Measuring Sponsorships

IEG, publishers of www.sponsorship.com, are webcasting a seminar on measuring sponsorships on Thursday, April 19.  I’ve seen bits and pieces of this material before.  Some interesting stuff, if memory serves.  

If you should partake, and if it’s included, keep a keen eye out for ‘Signal Detection Analysis’ borrowed from the field of psychology.  Essentially the technique asks the audience (or attendees) to explicitly, and often in an unaided manner, identify both sponsors and non-sponsors in cases (think logo soup situations like NASCAR) where there are many.  Can they correctly identify sponsors and non-sponsors at least 50% of the time?  Who’s a clear winner?  Who are the top performers in a cluttered field?  Who’s lost in the clutter?  Who are the poor performers?  All this is plotted on a matrix.   

Be somewhat wary, however, of methodologies such as automated logo (on screen for TV) image identification technology as a sole means of sponsorship measurement as, in my view, it’s the sponsorship equivalent of advertising equivalency.         

The Institute for PR also provides some thinking on measuring sponsorships. 

In all cases, not rocket science and no single, catch-all (nor should there be) silver bullet solution.  Rather, it involves applying (and triangulating, really) multiple long pre-existing research methods; some qualitative, some quantitative. 

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2 responses to “Measuring Sponsorships

  1. Alan – do you think social media has had any impact on sponsorship?

  2. Dave,

    Yes, no and maybe too early to tell (if you could measure it at all). How’s that for clarity? 🙂

    Well, I think that in some ways social media and sponsorships are alike in that they are (can be) both about an organization engaging in a relationship with its audience; they are both touch points. Where a blog does that via on-line dialogue (as opposed to the traditional corproate monologue) ideally in a transparent, constructive, collegial, collaborative nature; a sponsorship dcan do that experientially.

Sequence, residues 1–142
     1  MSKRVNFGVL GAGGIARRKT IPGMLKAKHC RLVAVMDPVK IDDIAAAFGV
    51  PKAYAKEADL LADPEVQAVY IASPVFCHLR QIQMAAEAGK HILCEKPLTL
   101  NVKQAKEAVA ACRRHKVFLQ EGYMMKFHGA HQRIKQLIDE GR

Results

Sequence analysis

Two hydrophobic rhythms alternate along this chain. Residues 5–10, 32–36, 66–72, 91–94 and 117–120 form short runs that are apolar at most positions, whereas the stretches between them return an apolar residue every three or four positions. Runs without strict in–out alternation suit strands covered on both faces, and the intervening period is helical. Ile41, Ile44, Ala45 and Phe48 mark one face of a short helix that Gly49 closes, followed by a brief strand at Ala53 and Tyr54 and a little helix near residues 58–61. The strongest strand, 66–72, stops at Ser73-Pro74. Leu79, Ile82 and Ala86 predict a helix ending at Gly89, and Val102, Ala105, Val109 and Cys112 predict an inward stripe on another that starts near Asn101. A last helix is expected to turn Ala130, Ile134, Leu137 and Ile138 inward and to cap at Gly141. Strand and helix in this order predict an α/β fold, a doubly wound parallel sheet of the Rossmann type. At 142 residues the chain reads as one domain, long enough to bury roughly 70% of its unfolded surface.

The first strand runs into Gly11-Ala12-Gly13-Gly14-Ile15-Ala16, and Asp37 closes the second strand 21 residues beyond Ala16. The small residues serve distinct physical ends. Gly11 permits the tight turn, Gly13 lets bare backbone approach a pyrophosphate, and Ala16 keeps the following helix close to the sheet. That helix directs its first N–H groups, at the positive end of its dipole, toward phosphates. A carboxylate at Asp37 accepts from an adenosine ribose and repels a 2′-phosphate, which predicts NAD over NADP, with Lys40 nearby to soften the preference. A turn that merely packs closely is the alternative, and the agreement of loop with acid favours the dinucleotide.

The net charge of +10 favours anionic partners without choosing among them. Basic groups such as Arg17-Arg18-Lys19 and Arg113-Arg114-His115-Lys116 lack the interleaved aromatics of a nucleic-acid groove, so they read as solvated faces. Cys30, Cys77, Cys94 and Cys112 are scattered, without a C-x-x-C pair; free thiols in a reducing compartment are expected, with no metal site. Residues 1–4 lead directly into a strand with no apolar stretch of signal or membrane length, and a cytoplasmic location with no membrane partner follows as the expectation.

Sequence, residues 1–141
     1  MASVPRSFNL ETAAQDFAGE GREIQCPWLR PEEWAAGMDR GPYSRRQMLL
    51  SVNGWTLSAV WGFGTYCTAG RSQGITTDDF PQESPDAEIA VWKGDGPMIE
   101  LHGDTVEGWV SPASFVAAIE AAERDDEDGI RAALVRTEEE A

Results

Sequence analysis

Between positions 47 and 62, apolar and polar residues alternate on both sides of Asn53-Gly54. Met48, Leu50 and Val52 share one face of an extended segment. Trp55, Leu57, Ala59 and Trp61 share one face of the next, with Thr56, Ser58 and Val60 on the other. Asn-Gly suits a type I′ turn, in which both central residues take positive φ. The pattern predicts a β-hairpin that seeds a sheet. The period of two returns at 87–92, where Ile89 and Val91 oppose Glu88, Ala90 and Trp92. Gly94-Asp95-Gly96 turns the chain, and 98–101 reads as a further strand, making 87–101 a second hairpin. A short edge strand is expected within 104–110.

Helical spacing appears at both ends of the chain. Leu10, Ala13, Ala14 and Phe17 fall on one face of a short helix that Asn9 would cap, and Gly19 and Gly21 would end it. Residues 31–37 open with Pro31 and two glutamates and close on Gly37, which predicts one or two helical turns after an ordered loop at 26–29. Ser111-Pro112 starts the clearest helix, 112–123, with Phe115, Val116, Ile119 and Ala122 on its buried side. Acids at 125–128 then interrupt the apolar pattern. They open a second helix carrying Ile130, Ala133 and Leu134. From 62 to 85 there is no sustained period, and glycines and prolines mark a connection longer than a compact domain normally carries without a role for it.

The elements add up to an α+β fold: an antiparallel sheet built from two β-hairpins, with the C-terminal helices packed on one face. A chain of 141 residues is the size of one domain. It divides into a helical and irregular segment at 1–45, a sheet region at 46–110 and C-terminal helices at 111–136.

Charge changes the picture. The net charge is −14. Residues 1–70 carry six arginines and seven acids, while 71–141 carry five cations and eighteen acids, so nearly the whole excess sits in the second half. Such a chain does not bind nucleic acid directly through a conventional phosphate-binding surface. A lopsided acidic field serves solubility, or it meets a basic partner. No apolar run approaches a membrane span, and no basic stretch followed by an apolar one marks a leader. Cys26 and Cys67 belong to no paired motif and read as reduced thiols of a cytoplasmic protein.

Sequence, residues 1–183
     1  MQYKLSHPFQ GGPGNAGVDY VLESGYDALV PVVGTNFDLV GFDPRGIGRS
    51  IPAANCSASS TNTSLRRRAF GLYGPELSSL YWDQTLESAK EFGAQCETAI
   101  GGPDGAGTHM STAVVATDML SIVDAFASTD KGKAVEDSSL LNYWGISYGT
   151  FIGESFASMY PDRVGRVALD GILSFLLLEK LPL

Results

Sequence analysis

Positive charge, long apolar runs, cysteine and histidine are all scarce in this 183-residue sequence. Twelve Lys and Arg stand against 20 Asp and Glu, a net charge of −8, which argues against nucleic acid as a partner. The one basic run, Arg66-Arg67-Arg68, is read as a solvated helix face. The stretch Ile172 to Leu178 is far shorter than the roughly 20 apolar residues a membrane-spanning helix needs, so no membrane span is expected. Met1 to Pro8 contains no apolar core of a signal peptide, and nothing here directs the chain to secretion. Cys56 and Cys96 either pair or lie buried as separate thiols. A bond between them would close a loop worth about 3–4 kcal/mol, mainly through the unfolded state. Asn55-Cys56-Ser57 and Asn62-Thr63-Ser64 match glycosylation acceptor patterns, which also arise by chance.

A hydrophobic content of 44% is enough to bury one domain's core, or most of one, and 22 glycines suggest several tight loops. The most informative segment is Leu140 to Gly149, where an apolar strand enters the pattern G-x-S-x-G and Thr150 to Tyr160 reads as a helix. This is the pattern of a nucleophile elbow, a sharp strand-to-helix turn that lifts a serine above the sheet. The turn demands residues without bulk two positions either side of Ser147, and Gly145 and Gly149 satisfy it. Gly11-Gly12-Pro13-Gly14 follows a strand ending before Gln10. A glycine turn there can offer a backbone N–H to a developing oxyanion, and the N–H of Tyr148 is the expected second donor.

Both are particularly important given that n-genner audiences are, in my view, increasingly marketing savvy, leary and wary. I think Neville Hobson calls this the teflon generation. So, marketers and communicators need to find ways to actively engage, excite and inform their audiences and even have them play a role in shaping the experience (not just consumers or producers but prosumers…hat tip to Don Tapscott author of Wikinomics).

    I should point out that I realize that blogs are much, much more than about organizations communicating with audiences.

    I suppose one could also argue that, perhaps, down the road as corporate blogs become more ubiquitous, and as these blogs become an open, constructive and collaborative, two-way symmetric dailogue ‘tween corporation and prosumer, then maybe we won’t see as much need for sponsorships. Though I think there will always be a coroporate need to and a prosumer willigness to take part in the off-line tactile.

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